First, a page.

When I wrote my first post for this blog, I mentioned grants available in categories I was not qualified for, and which made me want to be a different creative mind. It is possible as a writer to inhabit these other vocations, and to imagine their boundaries by writing characters in those fields. Perhaps I will. In the meantime, I’ll just awaken my readers to the imaginations of others by pointing out what grants have been given, lately.
The National Endowment for the Arts started awarding grants last year for video games as part of their Arts in Media division, and this year awarded four institutions money to develop their projects. I haven’t played video games since I was a teenager, and the violent ones are always making the news. Of course there must be good ones out there.
If you can’t make it to the wilds of Massachusetts, step inside the new media version. $40,000 was given to the University of Southern California to support the production costs for a three-dimensional game based on Henry David Thoreau’s writings at Walden. Perhaps there will be a geography lesson, and some walks where you, too, can reflect on society. $100,000 was awarded to Spelman College in Atlanta to develop HERadventure, a mobile and web-based, multi-episode, augmented reality computer game for college-aged women involving a young, female superhero sent to earth to save her own planet from the devastation of climate change. The other grants show the inventive ways youth can interact positively with the issues of society in a medium they prefer. Let’s Breakthrough, Inc., in New York City, got $75,000 to develop an interactive online and mobile video game to engage kids in a creative exploration of democracy, diversity, and social change. Games For Change in New York City also received $75,000 to support the development, production, and hosting of a Facebook game based on the book, Half the Sky, by Nicholas Kristof and Sheryl WuDunn, which documents the true stories of women around the world who ultimately overcome tremendous obstacles. Players of the game will have to protect the safety and well-being of their own village.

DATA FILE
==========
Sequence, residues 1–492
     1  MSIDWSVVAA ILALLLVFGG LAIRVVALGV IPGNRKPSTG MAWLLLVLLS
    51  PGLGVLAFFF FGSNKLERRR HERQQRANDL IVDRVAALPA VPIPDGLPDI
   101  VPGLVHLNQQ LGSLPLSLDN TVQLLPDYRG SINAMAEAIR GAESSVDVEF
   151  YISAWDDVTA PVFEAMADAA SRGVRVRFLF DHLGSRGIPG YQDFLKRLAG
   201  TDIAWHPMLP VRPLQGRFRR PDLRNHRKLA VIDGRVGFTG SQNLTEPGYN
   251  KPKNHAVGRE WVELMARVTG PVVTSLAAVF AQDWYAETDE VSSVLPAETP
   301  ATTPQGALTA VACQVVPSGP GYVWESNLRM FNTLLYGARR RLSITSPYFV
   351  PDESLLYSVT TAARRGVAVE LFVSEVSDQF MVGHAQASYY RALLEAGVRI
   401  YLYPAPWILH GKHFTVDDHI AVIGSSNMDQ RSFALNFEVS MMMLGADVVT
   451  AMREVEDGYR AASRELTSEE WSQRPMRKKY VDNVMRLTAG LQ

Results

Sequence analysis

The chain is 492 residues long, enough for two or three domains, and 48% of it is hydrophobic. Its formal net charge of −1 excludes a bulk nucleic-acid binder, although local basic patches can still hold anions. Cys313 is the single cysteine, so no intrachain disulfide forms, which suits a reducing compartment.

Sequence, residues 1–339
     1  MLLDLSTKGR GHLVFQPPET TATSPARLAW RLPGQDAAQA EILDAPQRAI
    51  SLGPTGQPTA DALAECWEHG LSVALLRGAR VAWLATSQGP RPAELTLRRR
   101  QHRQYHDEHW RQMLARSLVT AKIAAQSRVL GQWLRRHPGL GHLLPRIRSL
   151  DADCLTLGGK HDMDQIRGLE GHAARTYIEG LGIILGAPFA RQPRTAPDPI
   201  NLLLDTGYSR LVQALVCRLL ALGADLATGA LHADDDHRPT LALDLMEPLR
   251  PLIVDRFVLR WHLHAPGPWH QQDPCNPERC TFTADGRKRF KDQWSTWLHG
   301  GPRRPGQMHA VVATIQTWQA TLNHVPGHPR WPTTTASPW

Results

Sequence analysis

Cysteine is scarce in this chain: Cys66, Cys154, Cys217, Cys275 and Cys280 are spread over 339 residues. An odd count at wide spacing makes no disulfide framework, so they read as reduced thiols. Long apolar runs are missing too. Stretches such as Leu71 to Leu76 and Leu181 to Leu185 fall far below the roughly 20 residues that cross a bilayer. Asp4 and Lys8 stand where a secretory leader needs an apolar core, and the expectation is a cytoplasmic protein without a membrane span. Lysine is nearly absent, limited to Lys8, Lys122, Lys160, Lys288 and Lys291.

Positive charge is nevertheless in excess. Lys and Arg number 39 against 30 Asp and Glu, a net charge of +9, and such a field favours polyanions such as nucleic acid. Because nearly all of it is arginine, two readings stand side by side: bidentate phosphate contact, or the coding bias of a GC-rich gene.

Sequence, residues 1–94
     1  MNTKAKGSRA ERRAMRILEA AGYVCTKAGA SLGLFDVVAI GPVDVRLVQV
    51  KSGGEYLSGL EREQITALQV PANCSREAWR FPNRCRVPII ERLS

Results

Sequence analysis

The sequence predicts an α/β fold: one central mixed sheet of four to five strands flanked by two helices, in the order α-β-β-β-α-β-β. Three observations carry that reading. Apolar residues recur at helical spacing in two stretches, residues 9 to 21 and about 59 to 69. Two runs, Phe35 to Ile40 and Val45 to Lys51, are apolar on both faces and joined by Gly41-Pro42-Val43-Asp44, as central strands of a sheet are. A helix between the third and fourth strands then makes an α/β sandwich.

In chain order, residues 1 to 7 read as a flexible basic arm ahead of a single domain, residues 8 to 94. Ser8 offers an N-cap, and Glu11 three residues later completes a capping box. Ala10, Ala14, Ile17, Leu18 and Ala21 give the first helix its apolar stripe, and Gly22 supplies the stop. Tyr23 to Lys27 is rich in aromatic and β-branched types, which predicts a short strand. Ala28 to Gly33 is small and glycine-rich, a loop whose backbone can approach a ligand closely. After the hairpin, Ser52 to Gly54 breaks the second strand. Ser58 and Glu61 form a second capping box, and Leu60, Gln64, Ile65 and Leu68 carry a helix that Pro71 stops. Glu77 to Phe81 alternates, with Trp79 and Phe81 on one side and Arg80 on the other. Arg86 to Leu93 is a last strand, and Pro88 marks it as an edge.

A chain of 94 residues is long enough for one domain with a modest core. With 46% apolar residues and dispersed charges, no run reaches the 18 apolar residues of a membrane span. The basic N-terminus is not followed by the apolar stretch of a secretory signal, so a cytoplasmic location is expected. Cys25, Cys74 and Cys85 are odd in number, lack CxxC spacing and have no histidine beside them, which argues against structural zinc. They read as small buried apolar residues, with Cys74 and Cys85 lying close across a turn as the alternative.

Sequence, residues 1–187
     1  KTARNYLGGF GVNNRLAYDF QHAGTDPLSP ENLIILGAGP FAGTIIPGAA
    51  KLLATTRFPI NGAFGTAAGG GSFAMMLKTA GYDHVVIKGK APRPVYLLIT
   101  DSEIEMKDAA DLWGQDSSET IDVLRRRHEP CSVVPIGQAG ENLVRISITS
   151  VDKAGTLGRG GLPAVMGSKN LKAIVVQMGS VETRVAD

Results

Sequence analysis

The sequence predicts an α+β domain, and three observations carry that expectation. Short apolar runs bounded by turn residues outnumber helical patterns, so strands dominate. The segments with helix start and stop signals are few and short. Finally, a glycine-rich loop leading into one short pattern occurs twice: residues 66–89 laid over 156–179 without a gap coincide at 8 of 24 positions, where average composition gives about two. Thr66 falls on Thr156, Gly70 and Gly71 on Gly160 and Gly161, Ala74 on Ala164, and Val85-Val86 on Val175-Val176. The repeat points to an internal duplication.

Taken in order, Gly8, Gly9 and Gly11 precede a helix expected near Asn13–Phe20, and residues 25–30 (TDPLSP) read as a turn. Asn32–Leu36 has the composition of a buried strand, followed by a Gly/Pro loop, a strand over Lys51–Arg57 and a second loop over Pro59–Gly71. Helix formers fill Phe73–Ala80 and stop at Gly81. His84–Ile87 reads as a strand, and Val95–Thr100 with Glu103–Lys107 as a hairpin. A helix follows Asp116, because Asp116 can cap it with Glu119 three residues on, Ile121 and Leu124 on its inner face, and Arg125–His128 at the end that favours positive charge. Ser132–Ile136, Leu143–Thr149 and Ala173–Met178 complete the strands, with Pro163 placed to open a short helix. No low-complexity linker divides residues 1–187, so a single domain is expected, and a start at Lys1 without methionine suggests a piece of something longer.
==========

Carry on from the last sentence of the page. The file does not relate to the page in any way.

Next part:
Creative Capital Foundation has also given grants for Electronic Media, and when I participated in their professional development program several years ago as a marketing consultant, there was a recipient who had won a grant for his video game. I do not recall his name, unfortunately, but I recall his energy and his describing the difficulty he had, usually, in speaking with people who considered video games to be products to be pitched, when his was more like an environment to be visited.
All this makes me want to be more inventive, and if that doesn’t happen, at least to go over and play in the new environments created by these inventive people.